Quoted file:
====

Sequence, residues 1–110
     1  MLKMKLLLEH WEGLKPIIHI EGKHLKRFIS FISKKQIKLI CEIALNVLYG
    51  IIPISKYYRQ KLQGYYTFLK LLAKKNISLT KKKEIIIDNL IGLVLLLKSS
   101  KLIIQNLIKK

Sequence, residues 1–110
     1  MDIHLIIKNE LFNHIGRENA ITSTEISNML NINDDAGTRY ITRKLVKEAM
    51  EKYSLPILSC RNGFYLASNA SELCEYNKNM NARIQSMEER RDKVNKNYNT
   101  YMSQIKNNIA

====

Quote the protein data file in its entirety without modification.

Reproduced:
Sequence, residues 1–110
     1  MLKMKLLLEH WEGLKPIIHI EGKHLKRFIS FISKKQIKLI CEIALNVLYG
    51  IIPISKYYRQ KLQGYYTFLK LLAKKNISLT KKKEIIIDNL IGLVLLLKSS
   101  KLIIQNLIKK

Sequence, residues 1–110
     1  MDIHLIIKNE LFNHIGRENA ITSTEISNML NINDDAGTRY ITRKLVKEAM
    51  EKYSLPILSC RNGFYLASNA SELCEYNKNM NARIQSMEER RDKVNKNYNT
   101  YMSQIKNNIA